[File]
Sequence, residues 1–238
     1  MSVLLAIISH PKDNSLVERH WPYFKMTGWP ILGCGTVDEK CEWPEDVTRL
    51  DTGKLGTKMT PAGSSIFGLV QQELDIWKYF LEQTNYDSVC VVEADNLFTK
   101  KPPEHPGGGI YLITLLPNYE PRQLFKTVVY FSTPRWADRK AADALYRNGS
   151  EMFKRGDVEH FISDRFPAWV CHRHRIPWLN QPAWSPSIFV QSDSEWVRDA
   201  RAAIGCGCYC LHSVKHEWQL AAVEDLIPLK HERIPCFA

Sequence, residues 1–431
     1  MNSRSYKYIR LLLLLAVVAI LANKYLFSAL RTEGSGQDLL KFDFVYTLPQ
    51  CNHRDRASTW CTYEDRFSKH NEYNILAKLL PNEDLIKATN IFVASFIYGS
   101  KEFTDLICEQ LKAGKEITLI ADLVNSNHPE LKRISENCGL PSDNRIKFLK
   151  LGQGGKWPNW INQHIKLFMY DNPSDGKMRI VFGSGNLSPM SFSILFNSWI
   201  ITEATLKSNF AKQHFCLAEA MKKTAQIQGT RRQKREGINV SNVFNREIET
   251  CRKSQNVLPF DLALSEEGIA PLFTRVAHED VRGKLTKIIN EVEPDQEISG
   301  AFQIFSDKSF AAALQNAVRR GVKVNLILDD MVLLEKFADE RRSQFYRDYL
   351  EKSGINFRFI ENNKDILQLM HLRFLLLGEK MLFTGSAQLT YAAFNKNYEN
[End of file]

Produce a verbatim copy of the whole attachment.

Sequence, residues 1–238
     1  MSVLLAIISH PKDNSLVERH WPYFKMTGWP ILGCGTVDEK CEWPEDVTRL
    51  DTGKLGTKMT PAGSSIFGLV QQELDIWKYF LEQTNYDSVC VVEADNLFTK
   101  KPPEHPGGGI YLITLLPNYE PRQLFKTVVY FSTPRWADRK AADALYRNGS
   151  EMFKRGDVEH FISDRFPAWV CHRHRIPWLN QPAWSPSIFV QSDSEWVRDA
   201  RAAIGCGCYC LHSVKHEWQL AAVEDLIPLK HERIPCFA

Sequence, residues 1–431
     1  MNSRSYKYIR LLLLLAVVAI LANKYLFSAL RTEGSGQDLL KFDFVYTLPQ
    51  CNHRDRASTW CTYEDRFSKH NEYNILAKLL PNEDLIKATN IFVASFIYGS
   101  KEFTDLICEQ LKAGKEITLI ADLVNSNHPE LKRISENCGL PSDNRIKFLK
   151  LGQGGKWPNW INQHIKLFMY DNPSDGKMRI VFGSGNLSPM SFSILFNSWI
   201  ITEATLKSNF AKQHFCLAEA MKKTAQIQGT RRQKREGINV SNVFNREIET
   251  CRKSQNVLPF DLALSEEGIA PLFTRVAHED VRGKLTKIIN EVEPDQEISG
   301  AFQIFSDKSF AAALQNAVRR GVKVNLILDD MVLLEKFADE RRSQFYRDYL
   351  EKSGINFRFI ENNKDILQLM HLRFLLLGEK MLFTGSAQLT YAAFNKNYEN